First is this post over at Writer 2.0 by writer extraordinaire Pagan Kennedy, who explains that authors can get the rights to their books reverted back to them if the book in question has been out of print for at least 6 months. (Christopher wrote about Kennedy's launching of Writer 2.0 briefly here.) As Kennedy rightly points out, this is standard small print in publishing contracts.
I really appreciate this practical information for authors. Kennedy takes you through the steps - when you know it's been out of print for at least 6 months, write to the publisher and formally request the reversion of rights, and then it's all yours. There are, however, some bumps. First of all, books can go out of stock but not be out of print, meaning the book is not available if someone wants it, but the publisher is happy to take back orders and not declare it "o/p," out of print, quite yet.
Kennedy says, "Eventually, if publishers are smart, they will begin to change the rules and hold onto book rights forever. But for now, the system works to the author’s advantage." But... many publishers are getting wise, and are seeing the potential for the so-called "long tail." They can keep the book "o/s," out of stock, but make it available as a print on demand. This is a tough one. In one sense, it's great because it keeps the book available for new readers, and print on demand has improved in production quality, generally speaking, a great deal. (The interiors are much less smudgy in appearance and even the covers reproduce pretty well.) On the other hand, though, this means the publisher may be reluctant to revert rights, preferring to make that little bit of cash off each sale of the POD (print on demand) version and paying the royalty to the author.
The author could pull in more money with the rights reverted if she were to go, as Kennedy advises, to a place like Smashwords or Scribd. The author can manage things in an easier way. But the book will no longer have the imprimatur of the publisher's name on it. Is that a problem? If you have a catalog of books, like Kennedy, you may feel confident in your own name as a brand, but others might want that publisher branding visible. If you're published by an activist press - South End Press, for example - or an established literary, independent press - let's say Graywolf Press - and you don't have other books to sell alongside your own, you might rather stay with these institutions so your book remains for sale next to big names in your genre or political position.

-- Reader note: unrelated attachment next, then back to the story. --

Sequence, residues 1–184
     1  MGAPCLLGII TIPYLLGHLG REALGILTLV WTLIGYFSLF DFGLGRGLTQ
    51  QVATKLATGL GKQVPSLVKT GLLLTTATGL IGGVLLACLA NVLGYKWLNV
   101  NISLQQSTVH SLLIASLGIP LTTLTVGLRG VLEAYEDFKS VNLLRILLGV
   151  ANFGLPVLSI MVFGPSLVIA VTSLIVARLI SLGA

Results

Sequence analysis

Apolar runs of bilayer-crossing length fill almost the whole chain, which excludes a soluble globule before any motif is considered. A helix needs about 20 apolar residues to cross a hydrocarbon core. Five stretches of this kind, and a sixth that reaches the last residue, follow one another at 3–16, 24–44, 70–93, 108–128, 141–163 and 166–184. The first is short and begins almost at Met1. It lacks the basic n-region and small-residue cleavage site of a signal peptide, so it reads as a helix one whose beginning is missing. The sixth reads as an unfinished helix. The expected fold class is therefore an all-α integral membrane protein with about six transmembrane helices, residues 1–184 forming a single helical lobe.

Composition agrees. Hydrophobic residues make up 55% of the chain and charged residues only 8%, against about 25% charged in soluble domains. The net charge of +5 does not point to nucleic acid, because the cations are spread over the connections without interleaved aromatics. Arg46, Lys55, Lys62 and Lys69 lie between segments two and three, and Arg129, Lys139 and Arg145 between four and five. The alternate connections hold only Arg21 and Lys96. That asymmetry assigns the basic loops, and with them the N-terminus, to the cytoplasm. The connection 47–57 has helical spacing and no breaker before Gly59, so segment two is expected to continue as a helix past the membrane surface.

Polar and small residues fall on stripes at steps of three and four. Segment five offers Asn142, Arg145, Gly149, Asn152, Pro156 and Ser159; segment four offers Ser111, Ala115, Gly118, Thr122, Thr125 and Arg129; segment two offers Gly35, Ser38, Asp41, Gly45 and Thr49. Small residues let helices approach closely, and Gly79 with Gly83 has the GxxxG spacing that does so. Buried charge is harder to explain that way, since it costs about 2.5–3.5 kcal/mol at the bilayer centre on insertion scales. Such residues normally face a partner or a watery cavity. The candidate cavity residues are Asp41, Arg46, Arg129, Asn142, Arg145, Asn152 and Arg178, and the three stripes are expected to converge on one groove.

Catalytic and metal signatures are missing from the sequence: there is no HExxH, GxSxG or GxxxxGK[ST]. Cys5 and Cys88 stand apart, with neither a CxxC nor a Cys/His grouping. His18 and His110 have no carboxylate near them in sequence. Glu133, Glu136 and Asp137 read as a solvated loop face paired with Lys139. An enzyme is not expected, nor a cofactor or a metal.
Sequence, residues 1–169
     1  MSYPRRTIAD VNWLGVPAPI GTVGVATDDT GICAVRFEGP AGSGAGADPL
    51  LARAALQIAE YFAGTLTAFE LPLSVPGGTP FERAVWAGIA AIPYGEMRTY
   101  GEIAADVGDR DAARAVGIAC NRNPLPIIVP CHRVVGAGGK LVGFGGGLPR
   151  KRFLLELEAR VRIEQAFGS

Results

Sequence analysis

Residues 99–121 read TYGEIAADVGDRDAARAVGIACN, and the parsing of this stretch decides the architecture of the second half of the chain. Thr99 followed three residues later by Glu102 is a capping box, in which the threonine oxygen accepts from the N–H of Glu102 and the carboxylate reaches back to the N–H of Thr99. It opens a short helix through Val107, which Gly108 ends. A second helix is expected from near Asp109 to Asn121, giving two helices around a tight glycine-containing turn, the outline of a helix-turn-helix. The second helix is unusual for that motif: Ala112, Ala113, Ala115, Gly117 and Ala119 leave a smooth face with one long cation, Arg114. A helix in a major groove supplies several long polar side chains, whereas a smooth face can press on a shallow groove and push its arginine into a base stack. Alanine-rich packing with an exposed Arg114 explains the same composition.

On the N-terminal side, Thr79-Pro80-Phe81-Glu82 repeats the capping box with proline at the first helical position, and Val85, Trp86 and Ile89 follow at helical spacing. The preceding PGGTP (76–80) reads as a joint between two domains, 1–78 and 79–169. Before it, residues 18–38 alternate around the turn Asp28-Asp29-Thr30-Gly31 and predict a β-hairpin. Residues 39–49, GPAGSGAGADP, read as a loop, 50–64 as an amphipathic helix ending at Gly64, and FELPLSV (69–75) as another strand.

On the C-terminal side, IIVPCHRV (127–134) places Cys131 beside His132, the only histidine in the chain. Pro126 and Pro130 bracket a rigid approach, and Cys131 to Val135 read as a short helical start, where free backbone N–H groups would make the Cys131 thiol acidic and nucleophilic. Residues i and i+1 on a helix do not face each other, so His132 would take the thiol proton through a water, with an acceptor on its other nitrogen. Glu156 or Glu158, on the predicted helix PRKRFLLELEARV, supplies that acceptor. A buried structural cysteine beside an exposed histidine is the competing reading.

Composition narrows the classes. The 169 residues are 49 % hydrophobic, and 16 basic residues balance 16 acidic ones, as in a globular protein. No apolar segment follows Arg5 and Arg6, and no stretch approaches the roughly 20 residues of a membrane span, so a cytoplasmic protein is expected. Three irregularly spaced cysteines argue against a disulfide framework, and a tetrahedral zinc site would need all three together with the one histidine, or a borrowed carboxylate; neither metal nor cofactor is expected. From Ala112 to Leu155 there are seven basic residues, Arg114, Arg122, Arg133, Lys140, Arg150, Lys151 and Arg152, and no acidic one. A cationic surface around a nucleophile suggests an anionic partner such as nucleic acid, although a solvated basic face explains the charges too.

The second thing on my mind these days is something that is not a new phenomenon necessarily, but it's been made more efficient by technology. Ya see, a friend of mine has recently become obsessed with library book sales, which he watches out for at this site, which lists them all. I can appreciate a good library book sale so I have joined him at a few, or gone after he mentioned them even if he couldn't. I hit Somerville, Needham, South End, and Dedham sales. What I have seen at these sales is troubling.
Yes, most of the folks are people from the communities, mostly women, mostly older, who are probably patrons of the library, some of whom may have even donated books for the sale itself. There are also families stocking up on cheap books for the kids. Then there are academics and readers of varying ages - I'll put myself in this category - who are looking for interesting fiction and quirky and/or scholarly non-fiction.